This Fall Tudors star Jonathan Rhys Meyers becomes Dracula. We sat down to preview the first two episodes of NBC’s new drama this week with a handful of reservations. Isn’t the Dracula story tapped out at this stage? Is it possible to inject fresh blood (pardon the pun) into such an old and familiar story? And might the addition of too many ‘clever updates’ serve to alienate classic horror fans? We can honestly say we were pleasantly surprised by what we learned.
The story reintroduces us to Vlad the Impaler (you can go right ahead and call him Dracula), a recently revived vampire and man-about-town, fresh off the boat from the US and ready to shake up the social scene in London. Armed with tons of cash and a false persona, Dracula hides a secret Revengenda that challenges the audience to accept him as the story’s protagonist and not the classic villain of lore.
Masquerading as wealthy entrepreneur Alexander Grayson, Dracula has returned to seek revenge on the Order of the Dragon, a powerful and historic organization whose stock trade is politics and oil. Scratch the surface on the history of this secret group however and you’ll see a medieval order who were not above murder, torture, rape and the odd bit of burning at the stake. The Order were responsible for the murder of Dracula’s wife who, (just like in the novel and movies before it) bears a striking resemblance to one Mina Murray (Jessica De Gouw).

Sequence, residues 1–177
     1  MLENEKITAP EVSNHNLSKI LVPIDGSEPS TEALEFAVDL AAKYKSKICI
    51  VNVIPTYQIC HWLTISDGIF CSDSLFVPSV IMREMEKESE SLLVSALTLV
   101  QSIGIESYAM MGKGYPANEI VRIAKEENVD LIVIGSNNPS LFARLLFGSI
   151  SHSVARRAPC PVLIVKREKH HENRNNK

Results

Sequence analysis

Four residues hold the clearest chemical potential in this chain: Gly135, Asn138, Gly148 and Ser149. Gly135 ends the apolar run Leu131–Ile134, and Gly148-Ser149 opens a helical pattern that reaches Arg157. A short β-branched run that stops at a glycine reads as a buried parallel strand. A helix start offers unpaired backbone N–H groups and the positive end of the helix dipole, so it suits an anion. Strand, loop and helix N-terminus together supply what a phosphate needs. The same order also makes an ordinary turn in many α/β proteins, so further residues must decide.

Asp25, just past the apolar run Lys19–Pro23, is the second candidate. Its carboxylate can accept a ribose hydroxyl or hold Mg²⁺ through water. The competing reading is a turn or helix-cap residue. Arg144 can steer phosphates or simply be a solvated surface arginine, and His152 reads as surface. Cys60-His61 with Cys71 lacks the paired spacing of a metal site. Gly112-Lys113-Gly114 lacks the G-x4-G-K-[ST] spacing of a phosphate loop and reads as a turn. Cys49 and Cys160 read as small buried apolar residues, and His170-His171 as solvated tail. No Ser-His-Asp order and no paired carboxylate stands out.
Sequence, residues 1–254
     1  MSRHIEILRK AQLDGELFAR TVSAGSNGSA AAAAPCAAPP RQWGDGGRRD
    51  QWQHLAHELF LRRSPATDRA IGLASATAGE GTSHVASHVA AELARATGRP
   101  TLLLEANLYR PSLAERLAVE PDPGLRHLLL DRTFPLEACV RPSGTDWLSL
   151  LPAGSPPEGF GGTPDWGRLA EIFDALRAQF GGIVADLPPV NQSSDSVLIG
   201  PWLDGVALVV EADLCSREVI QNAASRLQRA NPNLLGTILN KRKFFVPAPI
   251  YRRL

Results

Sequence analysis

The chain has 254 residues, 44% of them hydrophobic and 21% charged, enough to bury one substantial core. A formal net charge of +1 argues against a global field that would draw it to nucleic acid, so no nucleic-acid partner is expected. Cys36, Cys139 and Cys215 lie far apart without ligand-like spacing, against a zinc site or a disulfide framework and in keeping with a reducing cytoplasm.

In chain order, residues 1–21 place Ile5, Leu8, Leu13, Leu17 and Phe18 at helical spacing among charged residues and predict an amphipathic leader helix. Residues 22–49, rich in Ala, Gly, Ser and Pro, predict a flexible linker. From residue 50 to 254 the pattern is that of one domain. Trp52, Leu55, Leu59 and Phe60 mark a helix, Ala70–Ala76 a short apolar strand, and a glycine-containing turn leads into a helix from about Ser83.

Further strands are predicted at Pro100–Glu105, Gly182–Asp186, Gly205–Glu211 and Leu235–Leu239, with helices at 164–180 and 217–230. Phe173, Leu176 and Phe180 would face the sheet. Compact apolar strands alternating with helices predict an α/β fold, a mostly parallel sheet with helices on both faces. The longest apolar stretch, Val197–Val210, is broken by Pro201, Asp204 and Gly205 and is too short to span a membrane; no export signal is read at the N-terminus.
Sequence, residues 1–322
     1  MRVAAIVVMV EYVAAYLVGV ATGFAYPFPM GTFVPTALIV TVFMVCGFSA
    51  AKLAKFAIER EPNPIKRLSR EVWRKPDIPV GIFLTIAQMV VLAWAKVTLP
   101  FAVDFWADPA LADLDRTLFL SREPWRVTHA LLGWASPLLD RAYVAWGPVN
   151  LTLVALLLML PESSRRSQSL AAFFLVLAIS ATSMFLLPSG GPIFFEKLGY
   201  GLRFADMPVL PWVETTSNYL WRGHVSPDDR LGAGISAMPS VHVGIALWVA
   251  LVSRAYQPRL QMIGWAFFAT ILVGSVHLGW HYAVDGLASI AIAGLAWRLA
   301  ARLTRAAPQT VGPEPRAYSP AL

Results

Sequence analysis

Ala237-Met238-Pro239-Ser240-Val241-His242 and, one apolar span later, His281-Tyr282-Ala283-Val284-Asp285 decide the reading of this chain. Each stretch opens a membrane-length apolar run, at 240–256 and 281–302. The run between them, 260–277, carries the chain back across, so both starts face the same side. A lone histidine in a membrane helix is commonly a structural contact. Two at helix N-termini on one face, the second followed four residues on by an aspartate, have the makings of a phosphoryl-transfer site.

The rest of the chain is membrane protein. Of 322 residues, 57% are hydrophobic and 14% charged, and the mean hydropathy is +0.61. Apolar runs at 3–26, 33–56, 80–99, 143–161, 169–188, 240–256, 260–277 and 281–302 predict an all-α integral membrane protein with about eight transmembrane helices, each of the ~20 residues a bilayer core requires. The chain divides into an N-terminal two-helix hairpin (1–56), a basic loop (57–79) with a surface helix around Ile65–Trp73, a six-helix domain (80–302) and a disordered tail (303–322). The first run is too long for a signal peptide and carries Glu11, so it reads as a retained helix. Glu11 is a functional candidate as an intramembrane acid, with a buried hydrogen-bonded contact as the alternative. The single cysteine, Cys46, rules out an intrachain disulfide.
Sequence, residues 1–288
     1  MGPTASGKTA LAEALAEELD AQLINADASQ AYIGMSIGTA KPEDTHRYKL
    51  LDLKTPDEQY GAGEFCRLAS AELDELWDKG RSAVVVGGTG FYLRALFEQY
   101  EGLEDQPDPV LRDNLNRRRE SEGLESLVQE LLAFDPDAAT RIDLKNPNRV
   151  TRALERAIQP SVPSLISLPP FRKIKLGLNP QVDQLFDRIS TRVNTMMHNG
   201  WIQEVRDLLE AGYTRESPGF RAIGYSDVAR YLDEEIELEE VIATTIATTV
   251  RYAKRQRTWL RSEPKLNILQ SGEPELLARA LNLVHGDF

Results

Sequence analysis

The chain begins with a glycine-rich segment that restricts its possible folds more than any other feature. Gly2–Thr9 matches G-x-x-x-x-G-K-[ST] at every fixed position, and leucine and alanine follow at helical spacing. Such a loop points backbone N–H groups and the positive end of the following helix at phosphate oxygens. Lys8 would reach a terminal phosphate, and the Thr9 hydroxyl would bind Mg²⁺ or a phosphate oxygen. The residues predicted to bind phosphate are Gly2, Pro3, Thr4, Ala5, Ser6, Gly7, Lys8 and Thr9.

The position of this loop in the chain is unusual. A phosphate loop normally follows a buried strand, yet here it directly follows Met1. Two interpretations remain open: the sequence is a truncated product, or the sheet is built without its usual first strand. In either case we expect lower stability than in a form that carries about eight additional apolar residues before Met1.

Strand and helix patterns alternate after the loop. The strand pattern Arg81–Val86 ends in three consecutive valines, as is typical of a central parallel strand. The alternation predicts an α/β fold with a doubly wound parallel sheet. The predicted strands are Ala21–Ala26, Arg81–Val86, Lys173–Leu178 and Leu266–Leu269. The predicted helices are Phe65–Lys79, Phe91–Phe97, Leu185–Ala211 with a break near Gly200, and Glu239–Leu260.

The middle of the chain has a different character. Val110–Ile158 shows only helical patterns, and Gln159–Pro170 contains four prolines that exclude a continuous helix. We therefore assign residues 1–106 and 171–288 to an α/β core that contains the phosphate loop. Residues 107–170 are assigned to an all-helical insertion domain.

Despite its classic Victorian looks, NBC’s Dracula has worked very hard at tweaking the legend in order to give viewers something genuinely fresh to consider. We got the impression that the show’s writers shook down every character and every classic story turn with a view to presenting them in a subtly different light. Mina Murray is an aspiring medical student of Doctor Van Helsing. Johnathan Harker (Oliver Jackson-Cohen) is a penniless journalist whose prison doesn’t lie behind the vast walls of Dracula’s castle but in the trappings of wealth and status that Alexander Grayson provides. Lucy (Katie McGrath) is more insidious than her book counterpart, and may have the ability to alter Mina’s good impression of Harker, given enough time – and if she’s not nobbled by Dracula first. The Order of the Dragon employ lethal vampire hunters and mystical seers to track and eliminate the undead. There are rooftop battles, sword fights and of course, rivers of blood. Van Helsing perhaps provides the biggest surprise of the pilot – but we’re not about to spoil you on that plot point.
There are still still plenty of classic Dracula elements for purists to enjoy including miles of cobbled and foggy Victorian streets, bevies of hapless young women falling prey to Dracula’s smile and a tale of love lost between the count and his seemingly reincarnated bride.
The show is layered with metaphor and subtext if you want to look deeply enough for it, too. (Grayson hopes to bring light to the Victorians with his geomagnetic technology – a curious move for a vampire, but an interesting one for a man on a mission to bring the wrongs of the past to light). Meyers is mesmerising in the title role (a lesser actor simply would not do) and the cast of characters – from vampire hunter Lady Jane (Victoria Smurfit) to Nonso Anozie’s dry and unflappable Renfield are thoroughly enjoyable to watch in their own right.
Despite some gouts of flowery language in places, and a tendency for most fight scenes to be shown in slow-mo, Dracula is both bold and sexy, and deserves to be checked out Friday October 25th at 10 pm ET on NBC.
Dracula is executive produced by Colin Callender, Tony Krantz, Gareth Neame and Daniel Knauf.